We technophiles have an unhealthy obsession with electronic innards.
For many of us, it started at a young age. We’d sneak off and dissect some appliance belonging to our parents, hoping it wouldn’t be missed, hoping that if it broke, we would be able to fix it it.
Like little serial (gadget) killers in the making, many a future engineer has disemboweled a magi-mix, a VCR player or a cell phone, scratching an itch, but never quite satisfying the urge--that quest for more.
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Of course, sites like iFixit and our very own TechInsights have made a very good business out of what we tech journos like to call “gadget porn,” but what happens when artistic license takes gadget guts to a whole new anatomical level?
Well, this happens:
All Image Credits: Mads Peitersen
This being the work of artist Mads Peitersen, a digital Concept Artist from Copenhagen, Denmark, whose graphics are particularly graphic.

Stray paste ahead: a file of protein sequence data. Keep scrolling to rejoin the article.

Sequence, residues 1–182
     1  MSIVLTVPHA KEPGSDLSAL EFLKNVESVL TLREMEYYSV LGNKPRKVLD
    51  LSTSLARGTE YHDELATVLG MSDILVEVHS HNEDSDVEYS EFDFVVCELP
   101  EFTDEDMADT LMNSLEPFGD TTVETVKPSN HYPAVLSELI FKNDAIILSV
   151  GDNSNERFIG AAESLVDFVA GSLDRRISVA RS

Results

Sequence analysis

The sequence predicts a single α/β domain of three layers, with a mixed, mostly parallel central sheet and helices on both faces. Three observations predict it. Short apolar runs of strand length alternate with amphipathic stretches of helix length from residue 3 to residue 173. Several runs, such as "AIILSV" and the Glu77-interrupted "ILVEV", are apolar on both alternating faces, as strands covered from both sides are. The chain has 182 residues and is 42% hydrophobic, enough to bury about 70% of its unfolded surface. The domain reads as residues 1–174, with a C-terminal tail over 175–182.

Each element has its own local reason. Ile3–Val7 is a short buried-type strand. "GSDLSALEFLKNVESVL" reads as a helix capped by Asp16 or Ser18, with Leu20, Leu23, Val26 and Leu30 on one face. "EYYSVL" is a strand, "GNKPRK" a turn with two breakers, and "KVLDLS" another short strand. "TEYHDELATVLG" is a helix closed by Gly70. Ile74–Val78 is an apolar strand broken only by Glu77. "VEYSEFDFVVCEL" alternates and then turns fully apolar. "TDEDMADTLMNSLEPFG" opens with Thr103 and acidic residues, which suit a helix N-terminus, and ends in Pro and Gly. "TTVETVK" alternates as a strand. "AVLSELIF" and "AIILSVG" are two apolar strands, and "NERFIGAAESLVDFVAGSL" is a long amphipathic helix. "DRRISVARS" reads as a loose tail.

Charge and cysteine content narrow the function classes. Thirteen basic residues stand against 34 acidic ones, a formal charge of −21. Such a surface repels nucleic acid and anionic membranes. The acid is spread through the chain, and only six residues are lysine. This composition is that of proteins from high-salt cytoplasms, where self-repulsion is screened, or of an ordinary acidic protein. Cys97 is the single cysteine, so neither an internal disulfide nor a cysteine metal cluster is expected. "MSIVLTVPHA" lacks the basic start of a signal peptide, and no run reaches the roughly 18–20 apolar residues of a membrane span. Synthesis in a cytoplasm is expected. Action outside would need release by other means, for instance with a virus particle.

As we become more and more attached to electronic devices, Peitersen’s art imagines devices taking on a whole biological being of their own, as grotesque as that may be at first glance.
You cannot blame us techies. Doctors were the first to rip open their dead patients to find out how they should have treated them.
Mankind has always been interested in how things work. The first step is to take them apart and show off the insides.
Yes were are a very sick culture, but as long as we learn more about the universe, it should be ok. If not, then a higher species will wipe us out before we become dangerous to anyone else.
Just my opinion,
Aren't we glad that we techno geeks know a little more from the origin of devices to allow someone to perform a "blood leetting" and restore "the balance in our victims!"
To be fair, Medicine science has come a long ways, but I couln't let this observation pass.
David Patterson, known for his pioneering research that led to RAID, clusters and more, is part of a team at UC Berkeley that recently made its RISC-V processor architecture an open source hardware offering. We talk with Patterson and one of his colleagues behind the effort about the opportunities they see, what new kinds of designs they hope to enable and what it means for today’s commercial processor giants such as Intel, ARM and Imagination Technologies.